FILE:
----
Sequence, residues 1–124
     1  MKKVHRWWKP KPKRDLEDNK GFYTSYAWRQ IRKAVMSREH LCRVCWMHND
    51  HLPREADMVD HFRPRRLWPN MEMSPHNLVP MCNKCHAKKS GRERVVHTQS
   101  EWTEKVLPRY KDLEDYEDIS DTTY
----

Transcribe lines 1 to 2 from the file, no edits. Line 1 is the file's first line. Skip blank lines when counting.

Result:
Sequence, residues 1–124
     1  MKKVHRWWKP KPKRDLEDNK GFYTSYAWRQ IRKAVMSREH LCRVCWMHND